The Afghanistan-Pakistan Hands Program was conceived in 2009 by then-Chairman of the Joint Chiefs of Staff, Navy Admiral Michael Mullen, as a top-priority program he argued would "change the paradigm" of how the United States employed its forces in Afghanistan. He envisioned an organization of "experts who speak the local language, are culturally attuned, and are focused on the problem for an extended period of time".[9]

The AFPAK Hands program was designed to build trust with the military and local populations. The program creates many experts about particular countries and is based on similar U.S. Navy programs in the 1920s and 1930s that focused on Japan, Germany and China. These experts specialize in intelligence, force protection and governance, as well as language and culture.[10] They work to fight corruption, as a liaison between Afghan organizations and coalition and international groups that can assist them, and may include military advising to organizing sporting events. The first group of "Hands" is composed of more than 500 civilians, officers and enlisted service members from all four services, and Afghan Hands personnel fill 229 in-country billets. Each "Hand" moves through phases of training, deployment and redeployment during a 36- to 45-month tour with the program.[9]

Zellem and a small group of others in the U.S. military have been deployed to serve on the ground as part of the AFPAK Hands program. They underwent extensive training to achieve language proficiency in either Pashto or Dari, the two most common languages spoken in Afghanistan. They sign on for repeated tours of duty and are assigned to Afghan-related positions between deployments.[10]


The purpose of collecting Afghan proverbs was to bridge a cultural and linguistic divide using Social Entrepreneurship as a model. During the time that Zellem spent with young Afghan soldiers who called themselves the "Burnt Generation"—because all they knew in their lifetime was war—he learned that Afghanistan had a rich history of colorful verbal communication, which included communicating through proverbs,[11] though 70 percent of the population can't read.[6] Zellem collected and used proverbs while there [3][10][12] and when word of his proverbs list spread, he created about 100 copies [6] of a small bilingual book to give to friends and colleagues.[3]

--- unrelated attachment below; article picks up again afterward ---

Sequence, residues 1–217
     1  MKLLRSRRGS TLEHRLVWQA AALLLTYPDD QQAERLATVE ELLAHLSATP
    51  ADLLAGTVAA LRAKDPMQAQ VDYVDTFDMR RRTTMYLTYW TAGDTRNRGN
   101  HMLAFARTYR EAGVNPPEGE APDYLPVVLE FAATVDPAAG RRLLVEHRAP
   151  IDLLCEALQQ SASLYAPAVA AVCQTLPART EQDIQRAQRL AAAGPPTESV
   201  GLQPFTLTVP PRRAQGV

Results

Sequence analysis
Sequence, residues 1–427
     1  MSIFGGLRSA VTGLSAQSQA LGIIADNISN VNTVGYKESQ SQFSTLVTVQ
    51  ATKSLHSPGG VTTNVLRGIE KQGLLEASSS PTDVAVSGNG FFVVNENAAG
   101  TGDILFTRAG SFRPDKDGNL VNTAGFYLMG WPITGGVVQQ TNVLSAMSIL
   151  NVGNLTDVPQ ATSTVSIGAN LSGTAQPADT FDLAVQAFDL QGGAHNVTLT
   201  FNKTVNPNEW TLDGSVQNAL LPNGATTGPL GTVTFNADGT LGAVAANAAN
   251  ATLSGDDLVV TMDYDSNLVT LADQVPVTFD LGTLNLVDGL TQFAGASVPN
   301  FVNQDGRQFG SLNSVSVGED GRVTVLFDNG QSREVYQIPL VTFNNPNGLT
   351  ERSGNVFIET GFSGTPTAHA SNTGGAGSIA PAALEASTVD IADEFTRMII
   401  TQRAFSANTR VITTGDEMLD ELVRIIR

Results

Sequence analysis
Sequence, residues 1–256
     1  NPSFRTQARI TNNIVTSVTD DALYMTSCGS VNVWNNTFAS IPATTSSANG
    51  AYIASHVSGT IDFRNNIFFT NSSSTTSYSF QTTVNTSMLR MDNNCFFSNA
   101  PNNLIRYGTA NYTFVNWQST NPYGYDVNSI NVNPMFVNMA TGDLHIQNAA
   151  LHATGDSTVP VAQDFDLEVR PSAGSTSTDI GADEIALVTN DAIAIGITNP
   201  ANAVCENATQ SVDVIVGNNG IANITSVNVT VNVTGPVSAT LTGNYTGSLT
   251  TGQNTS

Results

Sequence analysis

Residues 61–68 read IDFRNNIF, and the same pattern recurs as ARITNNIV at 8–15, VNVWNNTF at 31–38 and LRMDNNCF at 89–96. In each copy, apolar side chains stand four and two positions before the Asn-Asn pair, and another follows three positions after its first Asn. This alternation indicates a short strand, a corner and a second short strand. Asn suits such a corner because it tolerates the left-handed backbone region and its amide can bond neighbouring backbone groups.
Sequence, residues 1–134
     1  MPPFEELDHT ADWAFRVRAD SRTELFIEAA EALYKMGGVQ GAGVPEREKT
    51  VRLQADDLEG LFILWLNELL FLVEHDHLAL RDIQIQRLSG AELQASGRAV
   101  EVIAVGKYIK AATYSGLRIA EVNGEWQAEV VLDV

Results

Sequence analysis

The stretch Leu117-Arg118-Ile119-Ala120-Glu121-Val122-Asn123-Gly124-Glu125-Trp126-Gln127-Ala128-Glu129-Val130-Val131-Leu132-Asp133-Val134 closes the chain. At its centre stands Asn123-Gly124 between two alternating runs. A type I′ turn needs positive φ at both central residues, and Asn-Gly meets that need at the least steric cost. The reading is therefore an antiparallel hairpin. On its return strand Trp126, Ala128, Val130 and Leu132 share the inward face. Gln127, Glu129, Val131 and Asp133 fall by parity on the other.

One of those colleagues was then-Gen. David Petraeus, who liked the book so much that he wrote a foreword,[13] but that planned addition was scrapped after he became Director of the Central Intelligence Agency because the United States Department of State was leery about associating the book with America's spy agency. After his retirement from the military, Petraeus offered his foreword as a cover blurb for the second edition. Zellem also inscribed a copy to give to Gen. John R. Allen, commander of U.S. forces in Afghanistan and the International Security Assistance Force, who then gave it to President Karzai.[6]